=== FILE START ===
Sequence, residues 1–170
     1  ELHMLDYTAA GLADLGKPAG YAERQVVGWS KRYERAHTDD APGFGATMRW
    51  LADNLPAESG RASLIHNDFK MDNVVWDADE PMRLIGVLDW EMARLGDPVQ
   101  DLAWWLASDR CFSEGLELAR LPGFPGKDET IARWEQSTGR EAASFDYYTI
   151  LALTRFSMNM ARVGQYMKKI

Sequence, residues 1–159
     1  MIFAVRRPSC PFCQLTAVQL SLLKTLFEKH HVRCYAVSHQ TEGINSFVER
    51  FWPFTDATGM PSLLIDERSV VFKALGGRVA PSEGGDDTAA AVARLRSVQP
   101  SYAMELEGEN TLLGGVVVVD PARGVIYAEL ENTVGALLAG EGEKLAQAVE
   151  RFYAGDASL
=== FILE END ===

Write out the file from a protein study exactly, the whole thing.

Sequence, residues 1–170
     1  ELHMLDYTAA GLADLGKPAG YAERQVVGWS KRYERAHTDD APGFGATMRW
    51  LADNLPAESG RASLIHNDFK MDNVVWDADE PMRLIGVLDW EMARLGDPVQ
   101  DLAWWLASDR CFSEGLELAR LPGFPGKDET IARWEQSTGR EAASFDYYTI
   151  LALTRFSMNM ARVGQYMKKI

Sequence, residues 1–159
     1  MIFAVRRPSC PFCQLTAVQL SLLKTLFEKH HVRCYAVSHQ TEGINSFVER
    51  FWPFTDATGM PSLLIDERSV VFKALGGRVA PSEGGDDTAA AVARLRSVQP
   101  SYAMELEGEN TLLGGVVVVD PARGVIYAEL ENTVGALLAG EGEKLAQAVE
   151  RFYAGDASL